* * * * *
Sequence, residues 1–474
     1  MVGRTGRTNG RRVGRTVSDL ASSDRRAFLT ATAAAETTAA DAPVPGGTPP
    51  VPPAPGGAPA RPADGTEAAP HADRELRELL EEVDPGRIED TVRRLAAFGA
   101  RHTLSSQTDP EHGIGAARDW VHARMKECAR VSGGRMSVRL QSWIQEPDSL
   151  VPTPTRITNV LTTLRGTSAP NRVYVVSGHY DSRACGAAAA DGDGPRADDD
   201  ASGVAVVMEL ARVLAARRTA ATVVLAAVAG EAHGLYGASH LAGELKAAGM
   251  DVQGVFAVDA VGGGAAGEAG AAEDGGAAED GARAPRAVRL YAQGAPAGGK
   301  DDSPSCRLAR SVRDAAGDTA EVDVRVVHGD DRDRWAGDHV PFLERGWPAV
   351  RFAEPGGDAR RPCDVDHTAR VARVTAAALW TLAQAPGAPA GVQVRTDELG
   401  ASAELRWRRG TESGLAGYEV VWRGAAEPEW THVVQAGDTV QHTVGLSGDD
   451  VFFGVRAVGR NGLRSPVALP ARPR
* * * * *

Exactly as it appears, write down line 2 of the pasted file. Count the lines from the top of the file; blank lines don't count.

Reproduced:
     1  MVGRTGRTNG RRVGRTVSDL ASSDRRAFLT ATAAAETTAA DAPVPGGTPP